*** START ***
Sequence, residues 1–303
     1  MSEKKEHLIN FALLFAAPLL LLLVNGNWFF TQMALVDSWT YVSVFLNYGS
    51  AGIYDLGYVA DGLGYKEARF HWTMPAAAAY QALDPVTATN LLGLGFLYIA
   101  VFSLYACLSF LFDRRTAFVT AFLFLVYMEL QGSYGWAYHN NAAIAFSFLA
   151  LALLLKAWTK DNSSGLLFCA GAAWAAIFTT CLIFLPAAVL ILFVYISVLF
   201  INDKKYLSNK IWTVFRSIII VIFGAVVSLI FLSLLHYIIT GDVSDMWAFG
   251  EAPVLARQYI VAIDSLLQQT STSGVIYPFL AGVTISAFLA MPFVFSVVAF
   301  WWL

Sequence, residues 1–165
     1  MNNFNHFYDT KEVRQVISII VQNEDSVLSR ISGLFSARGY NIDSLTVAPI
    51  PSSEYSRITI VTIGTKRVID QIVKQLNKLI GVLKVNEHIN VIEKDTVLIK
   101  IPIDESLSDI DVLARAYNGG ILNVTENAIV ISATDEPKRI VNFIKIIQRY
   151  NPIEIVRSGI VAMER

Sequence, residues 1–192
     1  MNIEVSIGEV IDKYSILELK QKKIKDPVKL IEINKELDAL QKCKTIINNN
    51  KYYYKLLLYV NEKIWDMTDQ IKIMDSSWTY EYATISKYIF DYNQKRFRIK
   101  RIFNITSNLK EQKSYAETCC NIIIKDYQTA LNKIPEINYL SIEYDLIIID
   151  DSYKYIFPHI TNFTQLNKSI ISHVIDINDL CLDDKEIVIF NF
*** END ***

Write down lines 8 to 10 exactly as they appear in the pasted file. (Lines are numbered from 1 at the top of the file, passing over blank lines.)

   301  WWL

Sequence, residues 1–165
     1  MNNFNHFYDT KEVRQVISII VQNEDSVLSR ISGLFSARGY NIDSLTVAPI